- The Washington Times - Wednesday, September 17, 2014

After a four-month wait, the House Select Committee on Benghazi at last is launching its first public hearing Wednesday on Capitol Hill, chaired by South Carolina Republican Rep. Trey Gowdy and under the close scrutiny of a skeptical press and Democrats, who already have launched a preemptive “on the record” collection of questions and answers about the attacks. Someone who is keenly interested in it all is Aaron Klein, author of “The REAL Benghazi Story: What the White House and Hillary Don’t Want You to Know,” among other books.

“I hope Gowdy’s committee intends to divine the purpose of the U.S. Special Mission and what kinds of activities transpired at the compound,” Mr. Klein tells the Washington Times. “Were the U.S. special mission and/or the nearby CIA annex in Benghazi involved in any way in procuring weapons to the jihadist rebels fighting the regime of Bashar al-Assad of Syria or to any other rebels fighting in the Middle East or Africa?”

Mr. Klein also wants to know why “internal security for the mission - the quick-reaction force - was provided by armed members of the local Libyan 17th of February Martyrs Brigade. He says the brigade itself is an offshoot of the al Qaeda-linked Ansar al-Shariah, which was implicated in the Benghazi attacks.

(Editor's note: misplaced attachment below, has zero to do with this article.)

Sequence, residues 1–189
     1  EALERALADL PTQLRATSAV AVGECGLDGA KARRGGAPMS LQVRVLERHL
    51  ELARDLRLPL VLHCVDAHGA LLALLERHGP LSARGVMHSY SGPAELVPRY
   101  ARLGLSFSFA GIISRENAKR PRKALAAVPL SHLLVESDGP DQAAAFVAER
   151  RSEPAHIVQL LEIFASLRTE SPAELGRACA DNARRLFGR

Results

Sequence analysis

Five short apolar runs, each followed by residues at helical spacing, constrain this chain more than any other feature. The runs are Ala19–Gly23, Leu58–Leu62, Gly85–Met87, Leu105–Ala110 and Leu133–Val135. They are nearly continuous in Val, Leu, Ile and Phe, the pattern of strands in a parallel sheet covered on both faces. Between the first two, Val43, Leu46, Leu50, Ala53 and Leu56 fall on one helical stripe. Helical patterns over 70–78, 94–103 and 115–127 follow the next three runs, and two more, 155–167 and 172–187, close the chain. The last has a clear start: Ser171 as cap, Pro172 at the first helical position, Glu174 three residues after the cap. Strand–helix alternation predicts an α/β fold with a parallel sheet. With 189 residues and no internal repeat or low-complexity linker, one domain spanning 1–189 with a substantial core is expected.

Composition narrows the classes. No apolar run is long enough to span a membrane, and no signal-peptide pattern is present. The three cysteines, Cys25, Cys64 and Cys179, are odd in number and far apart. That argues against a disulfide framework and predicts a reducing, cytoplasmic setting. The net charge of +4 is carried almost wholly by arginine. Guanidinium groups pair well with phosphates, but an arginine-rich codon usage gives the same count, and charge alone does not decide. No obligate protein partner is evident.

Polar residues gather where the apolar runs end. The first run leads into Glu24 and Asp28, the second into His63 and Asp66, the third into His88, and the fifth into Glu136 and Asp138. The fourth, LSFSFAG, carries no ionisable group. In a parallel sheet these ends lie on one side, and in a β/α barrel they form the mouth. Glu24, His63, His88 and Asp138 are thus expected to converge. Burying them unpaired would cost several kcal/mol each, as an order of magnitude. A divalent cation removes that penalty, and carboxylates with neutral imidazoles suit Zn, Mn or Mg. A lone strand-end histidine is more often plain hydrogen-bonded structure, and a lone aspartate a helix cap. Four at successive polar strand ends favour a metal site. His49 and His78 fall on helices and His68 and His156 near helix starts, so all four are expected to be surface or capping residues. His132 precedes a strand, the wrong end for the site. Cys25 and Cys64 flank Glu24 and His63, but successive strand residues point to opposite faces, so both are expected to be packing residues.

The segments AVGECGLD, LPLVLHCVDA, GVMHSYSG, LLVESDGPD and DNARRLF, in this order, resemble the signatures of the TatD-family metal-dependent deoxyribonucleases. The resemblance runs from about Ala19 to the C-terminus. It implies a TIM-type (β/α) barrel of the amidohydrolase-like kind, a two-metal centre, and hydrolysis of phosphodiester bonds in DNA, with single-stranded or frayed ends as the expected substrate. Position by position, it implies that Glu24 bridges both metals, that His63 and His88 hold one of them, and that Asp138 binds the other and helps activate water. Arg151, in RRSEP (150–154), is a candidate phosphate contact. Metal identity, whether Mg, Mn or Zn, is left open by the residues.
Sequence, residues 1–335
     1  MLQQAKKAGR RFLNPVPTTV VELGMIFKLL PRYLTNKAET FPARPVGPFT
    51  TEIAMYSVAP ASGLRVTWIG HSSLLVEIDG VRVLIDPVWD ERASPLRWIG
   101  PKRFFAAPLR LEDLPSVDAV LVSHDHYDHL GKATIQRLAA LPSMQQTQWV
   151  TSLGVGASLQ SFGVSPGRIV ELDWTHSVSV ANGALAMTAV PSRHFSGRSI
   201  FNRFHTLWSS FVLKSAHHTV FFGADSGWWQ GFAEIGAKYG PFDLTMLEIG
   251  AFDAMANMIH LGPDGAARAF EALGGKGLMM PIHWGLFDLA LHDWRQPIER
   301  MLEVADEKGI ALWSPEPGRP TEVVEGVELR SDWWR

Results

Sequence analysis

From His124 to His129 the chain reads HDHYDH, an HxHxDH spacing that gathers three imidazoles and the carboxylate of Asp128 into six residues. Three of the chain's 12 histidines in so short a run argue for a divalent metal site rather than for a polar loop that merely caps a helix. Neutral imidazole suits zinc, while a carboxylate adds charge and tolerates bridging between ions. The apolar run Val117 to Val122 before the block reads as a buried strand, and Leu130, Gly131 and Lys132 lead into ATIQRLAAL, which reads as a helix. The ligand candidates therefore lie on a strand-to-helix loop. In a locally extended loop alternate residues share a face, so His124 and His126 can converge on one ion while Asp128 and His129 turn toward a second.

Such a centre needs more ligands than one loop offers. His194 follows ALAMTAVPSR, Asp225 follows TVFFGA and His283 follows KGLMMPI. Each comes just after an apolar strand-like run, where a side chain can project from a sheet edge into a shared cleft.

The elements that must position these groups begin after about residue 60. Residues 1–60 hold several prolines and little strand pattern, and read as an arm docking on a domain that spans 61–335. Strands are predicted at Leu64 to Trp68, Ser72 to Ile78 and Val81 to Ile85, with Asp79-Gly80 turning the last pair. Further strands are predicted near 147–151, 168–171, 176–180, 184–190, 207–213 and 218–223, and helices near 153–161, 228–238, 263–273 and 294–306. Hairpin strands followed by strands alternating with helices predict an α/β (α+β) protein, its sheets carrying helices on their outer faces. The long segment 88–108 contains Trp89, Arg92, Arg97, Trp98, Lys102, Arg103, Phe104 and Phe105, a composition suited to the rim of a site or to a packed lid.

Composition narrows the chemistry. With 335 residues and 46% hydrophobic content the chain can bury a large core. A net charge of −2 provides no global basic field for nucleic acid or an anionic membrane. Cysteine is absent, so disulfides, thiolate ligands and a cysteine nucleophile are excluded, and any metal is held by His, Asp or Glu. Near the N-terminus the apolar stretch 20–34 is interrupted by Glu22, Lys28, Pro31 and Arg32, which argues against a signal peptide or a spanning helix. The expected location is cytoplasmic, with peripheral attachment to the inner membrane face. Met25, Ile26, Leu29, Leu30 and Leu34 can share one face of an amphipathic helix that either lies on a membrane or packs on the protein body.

“How could the State Department trust an al Qaeda-tied Islamic extremist militia to serve as the armed quick-reaction force within the U.S. special mission?” the author asks.

“I do not expect much fair coverage from a media that is mysteriously uninterested in telling the real Benghazi story, in probing even the most basic facts about the Sept. 11, 2012, attacks,” Mr. Klein adds. “To this day, many in the news media continue to wrongly call the facility a consulate when it was a U.S. special mission, a mission that was so special it was set up without the knowledge of the Libyan government; failed to meet even the minimum security standards of the State Department; and was protected by armed members of a terrorist group offshoot.”

• Jennifer Harper can be reached at jharper@washingtontimes.com.

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